University participation rates are significantly lower for all PI groups
whether NZ or AUST citizens.
AUST PI more likely to be engaged in training pathways than their
peers.
What we know about employment outcomes for PI
young people.
Employment status
Full-time work (> 36+
hrs per week)
Part-time work (< 25
hrs per week)
Not employed as fulltime student
Not
employed
–
looking for work
Not employed – NOT
looking for work
Not able to work
NZ & PI/M
N=243
AUS & PI/M
N=125
AUS & Caucasian
N=121
44%
30.5%
35%
28%
25%
39%
5.5%
7%
9%
20.5%
23.5%
11%
1%
8%
2.5%
1%
-
-
1%
5%
3.5%
Other
AUST PI young people have lowest level of work engagement and
marginally higher level of unemployment than their NZ PI peers.
What we know about factors influencing PI
young people in education & career choices?
Rotated Component Matrix
I am very interested or motivated to continue my education
I have plans to undertake further education or training for my career
I feel confident to undertake further education
I think it is important for my future to obtain as much education as possible
Positive
attitudes
0.834
0.820
0.816
0.748
I believe I have the ability to be successful with further study
I want to improve my qualifications by further study
I know how to obtain advice on the career that best suits my skills
I am unable to continue with further education due to a lack of finances
Further education is too expensive for me
My parents expect me to work to help with family finances
Many of my friends have continued with their education after high school
0.730
0.707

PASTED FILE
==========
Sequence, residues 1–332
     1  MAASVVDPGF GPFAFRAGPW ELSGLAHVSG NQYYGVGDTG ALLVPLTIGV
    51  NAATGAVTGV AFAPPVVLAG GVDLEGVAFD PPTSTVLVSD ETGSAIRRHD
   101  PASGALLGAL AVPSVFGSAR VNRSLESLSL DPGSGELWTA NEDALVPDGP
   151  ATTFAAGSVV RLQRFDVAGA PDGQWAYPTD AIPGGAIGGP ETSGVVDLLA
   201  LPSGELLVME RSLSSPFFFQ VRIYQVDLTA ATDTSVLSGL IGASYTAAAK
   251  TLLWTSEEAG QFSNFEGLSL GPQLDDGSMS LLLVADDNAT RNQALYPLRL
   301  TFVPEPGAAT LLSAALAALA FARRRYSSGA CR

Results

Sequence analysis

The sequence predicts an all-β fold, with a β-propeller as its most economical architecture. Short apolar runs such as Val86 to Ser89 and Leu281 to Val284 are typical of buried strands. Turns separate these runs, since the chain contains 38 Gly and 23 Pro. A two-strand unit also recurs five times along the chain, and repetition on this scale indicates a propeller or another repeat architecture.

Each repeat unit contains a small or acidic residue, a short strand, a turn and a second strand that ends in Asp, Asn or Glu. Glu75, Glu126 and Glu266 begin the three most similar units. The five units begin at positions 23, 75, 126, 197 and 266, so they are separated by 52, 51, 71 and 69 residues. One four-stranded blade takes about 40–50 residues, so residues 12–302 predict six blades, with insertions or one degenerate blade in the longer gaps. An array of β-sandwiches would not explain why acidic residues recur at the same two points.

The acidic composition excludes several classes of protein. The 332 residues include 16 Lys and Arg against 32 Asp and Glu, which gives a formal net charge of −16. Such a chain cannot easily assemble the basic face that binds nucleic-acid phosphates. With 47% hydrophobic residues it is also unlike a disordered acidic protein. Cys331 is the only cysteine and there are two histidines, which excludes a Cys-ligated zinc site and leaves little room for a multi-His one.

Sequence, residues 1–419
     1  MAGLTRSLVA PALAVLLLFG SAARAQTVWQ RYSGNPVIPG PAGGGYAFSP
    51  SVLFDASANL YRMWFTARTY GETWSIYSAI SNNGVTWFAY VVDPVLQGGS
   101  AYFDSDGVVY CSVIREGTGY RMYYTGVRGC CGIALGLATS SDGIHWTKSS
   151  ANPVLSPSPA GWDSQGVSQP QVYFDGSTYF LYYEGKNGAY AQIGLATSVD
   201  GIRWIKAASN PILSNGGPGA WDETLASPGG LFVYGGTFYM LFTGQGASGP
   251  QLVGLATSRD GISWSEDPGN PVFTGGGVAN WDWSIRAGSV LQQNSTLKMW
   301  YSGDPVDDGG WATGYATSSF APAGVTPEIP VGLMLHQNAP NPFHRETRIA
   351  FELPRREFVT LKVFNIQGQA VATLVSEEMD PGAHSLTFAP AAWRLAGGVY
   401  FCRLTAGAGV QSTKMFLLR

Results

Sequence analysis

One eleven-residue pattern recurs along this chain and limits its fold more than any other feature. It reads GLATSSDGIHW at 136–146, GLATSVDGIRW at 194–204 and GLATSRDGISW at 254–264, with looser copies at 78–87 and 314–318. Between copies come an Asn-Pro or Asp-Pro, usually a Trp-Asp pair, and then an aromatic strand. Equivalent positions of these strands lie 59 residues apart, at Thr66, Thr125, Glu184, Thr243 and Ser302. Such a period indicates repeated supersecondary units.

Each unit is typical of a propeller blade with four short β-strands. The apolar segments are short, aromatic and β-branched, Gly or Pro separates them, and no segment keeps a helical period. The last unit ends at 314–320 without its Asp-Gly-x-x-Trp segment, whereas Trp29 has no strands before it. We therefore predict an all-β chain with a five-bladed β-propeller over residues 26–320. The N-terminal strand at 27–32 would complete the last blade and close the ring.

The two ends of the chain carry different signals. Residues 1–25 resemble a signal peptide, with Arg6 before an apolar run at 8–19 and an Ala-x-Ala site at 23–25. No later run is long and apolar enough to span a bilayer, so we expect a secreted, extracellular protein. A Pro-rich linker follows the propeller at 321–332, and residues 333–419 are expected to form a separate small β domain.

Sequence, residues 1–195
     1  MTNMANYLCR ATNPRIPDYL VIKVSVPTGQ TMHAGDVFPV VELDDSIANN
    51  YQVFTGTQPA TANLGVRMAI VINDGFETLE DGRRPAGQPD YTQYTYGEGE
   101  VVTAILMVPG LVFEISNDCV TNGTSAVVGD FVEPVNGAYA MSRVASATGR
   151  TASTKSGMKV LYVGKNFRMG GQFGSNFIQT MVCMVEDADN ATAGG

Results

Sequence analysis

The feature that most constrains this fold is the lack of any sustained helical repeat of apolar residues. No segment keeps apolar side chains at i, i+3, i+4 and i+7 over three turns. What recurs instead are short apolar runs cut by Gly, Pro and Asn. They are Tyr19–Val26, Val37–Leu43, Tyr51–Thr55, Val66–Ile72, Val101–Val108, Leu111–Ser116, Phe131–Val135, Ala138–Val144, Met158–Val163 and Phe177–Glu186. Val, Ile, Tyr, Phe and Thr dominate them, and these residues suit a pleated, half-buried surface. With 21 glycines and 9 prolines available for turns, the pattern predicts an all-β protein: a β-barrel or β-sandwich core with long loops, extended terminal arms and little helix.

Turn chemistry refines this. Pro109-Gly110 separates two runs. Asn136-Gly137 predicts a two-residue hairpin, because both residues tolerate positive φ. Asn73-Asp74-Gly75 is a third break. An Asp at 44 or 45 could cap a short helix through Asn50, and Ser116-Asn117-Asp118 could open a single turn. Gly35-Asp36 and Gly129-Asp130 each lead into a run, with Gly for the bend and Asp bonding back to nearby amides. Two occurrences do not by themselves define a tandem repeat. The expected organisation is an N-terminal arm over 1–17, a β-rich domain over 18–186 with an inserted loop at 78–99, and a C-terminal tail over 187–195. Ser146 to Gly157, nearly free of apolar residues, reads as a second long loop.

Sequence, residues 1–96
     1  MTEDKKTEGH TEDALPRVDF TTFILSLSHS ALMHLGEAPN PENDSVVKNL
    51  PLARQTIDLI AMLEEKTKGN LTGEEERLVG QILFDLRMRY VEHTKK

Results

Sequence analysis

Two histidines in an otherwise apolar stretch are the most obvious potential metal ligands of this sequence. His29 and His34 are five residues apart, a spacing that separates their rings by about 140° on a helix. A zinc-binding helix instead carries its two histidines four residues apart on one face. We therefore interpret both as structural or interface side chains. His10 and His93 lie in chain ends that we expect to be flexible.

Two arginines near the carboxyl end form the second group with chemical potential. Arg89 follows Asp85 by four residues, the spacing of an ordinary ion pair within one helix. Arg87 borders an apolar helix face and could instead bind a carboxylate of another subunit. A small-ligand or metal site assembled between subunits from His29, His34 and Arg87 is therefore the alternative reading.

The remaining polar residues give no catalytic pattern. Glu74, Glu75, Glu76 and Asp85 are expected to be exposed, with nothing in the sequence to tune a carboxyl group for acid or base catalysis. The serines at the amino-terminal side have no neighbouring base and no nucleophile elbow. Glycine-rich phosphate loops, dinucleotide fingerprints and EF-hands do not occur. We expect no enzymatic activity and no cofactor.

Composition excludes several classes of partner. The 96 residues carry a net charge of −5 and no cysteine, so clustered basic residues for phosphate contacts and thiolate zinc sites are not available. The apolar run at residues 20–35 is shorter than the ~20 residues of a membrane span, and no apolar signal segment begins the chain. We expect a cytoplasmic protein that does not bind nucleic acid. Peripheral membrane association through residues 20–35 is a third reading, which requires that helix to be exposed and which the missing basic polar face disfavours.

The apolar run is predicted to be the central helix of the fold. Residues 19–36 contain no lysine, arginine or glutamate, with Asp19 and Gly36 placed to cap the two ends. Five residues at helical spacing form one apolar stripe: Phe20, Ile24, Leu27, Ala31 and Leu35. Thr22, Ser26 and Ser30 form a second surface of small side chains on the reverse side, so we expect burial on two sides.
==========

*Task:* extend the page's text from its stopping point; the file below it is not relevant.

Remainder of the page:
0.539
In my family, studying after Year 12 is considered very important
In high school, my teachers encouraged me to continue my education.
Other members of my family have completed further education
Cronbach’s Alpha
0.312
Negative
attitudes
Important
others
0.272
0.914
0.899
0.807
0.700
.872
.850
0.688
0.681
0.680
.658
Whilst most PI young people have positive attitudes towards education, their
level of participation is largely influenced by financial constraints – a
combination of HECS ineligibility for NZ PI and parental expectations about
putting work before education.
What we know about context factors that
support and constrain PI young people
+ Plus +
• Some young people highly
motivated to become successful
in improving career options.
• Small number of parents very
supportive and willing to sacrifice
to assist who were studying.
• Strong positive influence and
encouragement of peers, friends,
teachers and church leaders.
• Those ‘first in family’ to attend
university felt pressure to fulfil
expectations – skilled mentors
have critical role in first year.
- Minus • Parental expectations were very
high, and somewhat unrealistic, for
those studying and caused distress
if outcomes were less than
expected.
• Many parents had difficulty
understanding the higher education
environment and often limited by
poor English language skills –
communication complexity.
• Poor study environment in the home
and lack of appreciation about the
time demands for tertiary level
study.
• PI young people entering university
are often under-prepared for tertiary
study – fear of failure/shame.